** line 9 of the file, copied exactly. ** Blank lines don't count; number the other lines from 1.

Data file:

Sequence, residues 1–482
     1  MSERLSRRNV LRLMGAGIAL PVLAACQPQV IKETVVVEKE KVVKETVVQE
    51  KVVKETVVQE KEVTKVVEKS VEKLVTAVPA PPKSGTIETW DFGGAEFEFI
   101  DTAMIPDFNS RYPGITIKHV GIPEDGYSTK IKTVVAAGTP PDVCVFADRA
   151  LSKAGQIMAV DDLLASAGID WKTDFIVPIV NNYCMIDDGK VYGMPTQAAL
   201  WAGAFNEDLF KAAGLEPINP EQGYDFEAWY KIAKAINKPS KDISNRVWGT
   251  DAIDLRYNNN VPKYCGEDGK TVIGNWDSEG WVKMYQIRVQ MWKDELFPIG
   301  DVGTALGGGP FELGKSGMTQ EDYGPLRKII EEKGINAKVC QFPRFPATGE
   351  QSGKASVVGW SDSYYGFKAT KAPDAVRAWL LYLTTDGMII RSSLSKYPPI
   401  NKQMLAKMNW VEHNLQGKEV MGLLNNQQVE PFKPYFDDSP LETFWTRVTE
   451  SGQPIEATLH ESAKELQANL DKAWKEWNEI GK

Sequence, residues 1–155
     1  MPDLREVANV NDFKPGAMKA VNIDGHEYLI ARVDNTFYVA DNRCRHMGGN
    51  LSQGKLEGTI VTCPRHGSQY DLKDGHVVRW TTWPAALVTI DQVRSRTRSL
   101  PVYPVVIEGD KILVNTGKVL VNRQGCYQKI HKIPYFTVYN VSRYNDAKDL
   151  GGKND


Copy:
   351  QSGKASVVGW SDSYYGFKAT KAPDAVRAWL LYLTTDGMII RSSLSKYPPI